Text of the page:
products to be sold in the village. This will allow all members of the village easier, more
convenient, and cheaper access to those products as transportation costs are saved.
The kitchen appliances store in Al Jab’a has been recently opened, in October 2016. It
began with a 9927 ILS grant from EJ-YMCA-WTP and within the first eight weeks, the two
women, Ilham and Yusra, have already sold items for approximately 7000ILS. The store has been
receiving customers from Al Jab’a as well as customers from the nearby village, Surif.
The beneficiary, Ilham Altous (48), has a household that consists of eight people. Her
husband is unemployed most of the time. He also has not been allowed travel and or acquire work permits to Israel where a lot of Palestinian men in that area find job opportunities. Ilham’s elder daughter is studying at university and her son recently graduated from high school with very impressive grades.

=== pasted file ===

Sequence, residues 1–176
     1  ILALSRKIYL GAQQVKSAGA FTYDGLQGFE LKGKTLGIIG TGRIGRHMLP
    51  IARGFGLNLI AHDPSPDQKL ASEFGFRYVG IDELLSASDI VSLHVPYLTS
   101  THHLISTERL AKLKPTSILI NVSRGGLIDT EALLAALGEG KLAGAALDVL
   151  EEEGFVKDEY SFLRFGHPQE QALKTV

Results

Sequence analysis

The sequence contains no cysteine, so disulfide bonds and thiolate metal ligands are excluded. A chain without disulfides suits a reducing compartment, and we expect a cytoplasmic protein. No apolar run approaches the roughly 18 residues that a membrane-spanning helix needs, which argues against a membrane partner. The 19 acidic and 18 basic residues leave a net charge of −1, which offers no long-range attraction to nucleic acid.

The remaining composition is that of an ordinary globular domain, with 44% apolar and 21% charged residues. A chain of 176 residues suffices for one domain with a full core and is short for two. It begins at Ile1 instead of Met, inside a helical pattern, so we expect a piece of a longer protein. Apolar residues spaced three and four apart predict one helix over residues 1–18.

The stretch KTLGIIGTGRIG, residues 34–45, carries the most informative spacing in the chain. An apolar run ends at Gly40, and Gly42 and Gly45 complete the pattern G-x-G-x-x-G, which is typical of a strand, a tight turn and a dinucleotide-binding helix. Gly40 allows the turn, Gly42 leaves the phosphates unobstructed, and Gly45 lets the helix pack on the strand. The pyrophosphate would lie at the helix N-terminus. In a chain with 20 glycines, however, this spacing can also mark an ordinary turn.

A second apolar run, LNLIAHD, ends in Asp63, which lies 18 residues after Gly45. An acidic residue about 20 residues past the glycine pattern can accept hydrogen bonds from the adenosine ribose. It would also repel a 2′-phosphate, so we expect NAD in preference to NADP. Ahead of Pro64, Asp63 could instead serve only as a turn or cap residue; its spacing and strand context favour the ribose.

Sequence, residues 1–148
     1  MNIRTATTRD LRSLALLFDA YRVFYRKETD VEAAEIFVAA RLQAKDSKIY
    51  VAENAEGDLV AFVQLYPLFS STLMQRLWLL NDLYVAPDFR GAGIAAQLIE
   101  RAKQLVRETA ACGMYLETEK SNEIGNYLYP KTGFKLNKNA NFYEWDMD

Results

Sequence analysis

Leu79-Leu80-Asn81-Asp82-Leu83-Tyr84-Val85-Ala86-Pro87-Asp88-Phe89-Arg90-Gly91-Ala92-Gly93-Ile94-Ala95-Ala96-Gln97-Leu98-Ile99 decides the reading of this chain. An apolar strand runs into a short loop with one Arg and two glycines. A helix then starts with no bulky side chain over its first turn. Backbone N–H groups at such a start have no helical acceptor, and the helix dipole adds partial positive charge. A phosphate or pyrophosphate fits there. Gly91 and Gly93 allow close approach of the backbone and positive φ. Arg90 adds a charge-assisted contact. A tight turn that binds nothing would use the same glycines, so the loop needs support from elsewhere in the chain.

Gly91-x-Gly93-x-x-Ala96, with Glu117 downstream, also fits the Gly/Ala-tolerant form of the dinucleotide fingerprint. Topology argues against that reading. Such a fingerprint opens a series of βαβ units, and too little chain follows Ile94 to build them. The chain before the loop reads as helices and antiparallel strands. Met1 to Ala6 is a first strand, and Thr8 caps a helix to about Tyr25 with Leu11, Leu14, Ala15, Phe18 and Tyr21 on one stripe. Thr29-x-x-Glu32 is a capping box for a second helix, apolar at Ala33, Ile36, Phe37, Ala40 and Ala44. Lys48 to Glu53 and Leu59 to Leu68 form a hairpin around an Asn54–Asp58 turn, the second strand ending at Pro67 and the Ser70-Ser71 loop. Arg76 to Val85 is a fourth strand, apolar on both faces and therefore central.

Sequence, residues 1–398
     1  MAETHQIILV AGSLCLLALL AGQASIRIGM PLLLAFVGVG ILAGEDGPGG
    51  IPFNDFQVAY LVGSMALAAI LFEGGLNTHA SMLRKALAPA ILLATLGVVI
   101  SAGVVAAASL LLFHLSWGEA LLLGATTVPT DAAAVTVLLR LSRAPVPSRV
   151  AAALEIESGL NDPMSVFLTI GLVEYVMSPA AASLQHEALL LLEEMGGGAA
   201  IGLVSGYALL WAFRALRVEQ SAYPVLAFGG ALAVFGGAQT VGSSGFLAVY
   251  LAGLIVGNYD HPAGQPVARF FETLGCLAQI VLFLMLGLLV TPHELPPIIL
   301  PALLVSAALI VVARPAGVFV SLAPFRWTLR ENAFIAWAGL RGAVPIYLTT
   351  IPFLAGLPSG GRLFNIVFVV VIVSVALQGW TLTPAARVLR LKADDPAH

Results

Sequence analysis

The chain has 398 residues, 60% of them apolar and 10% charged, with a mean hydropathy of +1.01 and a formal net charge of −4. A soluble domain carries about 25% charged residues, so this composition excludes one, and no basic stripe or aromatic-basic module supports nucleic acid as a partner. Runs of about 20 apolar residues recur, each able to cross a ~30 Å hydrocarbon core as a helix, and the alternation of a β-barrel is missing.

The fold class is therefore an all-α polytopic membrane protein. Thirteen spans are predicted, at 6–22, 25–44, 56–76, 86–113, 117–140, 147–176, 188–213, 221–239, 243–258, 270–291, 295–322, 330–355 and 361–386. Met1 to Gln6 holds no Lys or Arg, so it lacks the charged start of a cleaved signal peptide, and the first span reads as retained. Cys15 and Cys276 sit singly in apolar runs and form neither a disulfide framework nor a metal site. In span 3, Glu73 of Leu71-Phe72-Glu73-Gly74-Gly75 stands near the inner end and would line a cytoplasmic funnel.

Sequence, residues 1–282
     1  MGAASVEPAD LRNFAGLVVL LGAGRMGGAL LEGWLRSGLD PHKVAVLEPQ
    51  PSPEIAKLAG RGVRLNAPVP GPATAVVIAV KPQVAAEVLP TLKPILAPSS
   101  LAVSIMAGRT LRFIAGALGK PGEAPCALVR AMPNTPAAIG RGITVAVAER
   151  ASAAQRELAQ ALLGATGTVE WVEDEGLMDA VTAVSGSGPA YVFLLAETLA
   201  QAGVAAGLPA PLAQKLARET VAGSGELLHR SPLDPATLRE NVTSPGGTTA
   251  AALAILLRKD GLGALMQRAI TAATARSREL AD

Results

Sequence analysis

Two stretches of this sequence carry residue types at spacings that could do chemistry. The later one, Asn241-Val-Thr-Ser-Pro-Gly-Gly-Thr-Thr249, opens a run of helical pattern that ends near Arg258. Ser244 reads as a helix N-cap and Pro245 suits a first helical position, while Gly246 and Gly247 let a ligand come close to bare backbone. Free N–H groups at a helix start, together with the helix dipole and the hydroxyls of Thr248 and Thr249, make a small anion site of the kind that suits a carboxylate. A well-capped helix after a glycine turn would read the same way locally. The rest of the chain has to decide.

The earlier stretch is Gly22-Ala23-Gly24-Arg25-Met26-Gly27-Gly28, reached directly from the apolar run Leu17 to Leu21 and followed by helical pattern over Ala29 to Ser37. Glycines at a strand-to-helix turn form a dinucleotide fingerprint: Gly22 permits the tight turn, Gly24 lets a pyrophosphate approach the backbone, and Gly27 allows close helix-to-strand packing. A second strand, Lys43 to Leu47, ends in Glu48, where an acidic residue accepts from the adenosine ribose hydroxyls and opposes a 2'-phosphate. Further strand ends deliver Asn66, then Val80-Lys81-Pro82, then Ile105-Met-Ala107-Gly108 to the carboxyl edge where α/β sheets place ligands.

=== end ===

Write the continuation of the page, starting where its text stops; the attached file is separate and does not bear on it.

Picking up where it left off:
Ilham’s son aspired to study electrical engineering at university. However, the family were not able
to afford university tuition for two. After opening the store, managing it, and working there for two
months, Ilham was able to generate income for her household’s wellbeing. Moreover, she was able
to save some money to register her son to start a six month electrical engineering course.
Regarding the other beneficiary, Yusra Altous (55), her household consists of 11 individuals,
Yusra has ten daughters. Yusra had been consistently beaten by her husband who eventually decided to
marry a second wife. Yusra’s husband does not provide for Yusra or her daughters financially. He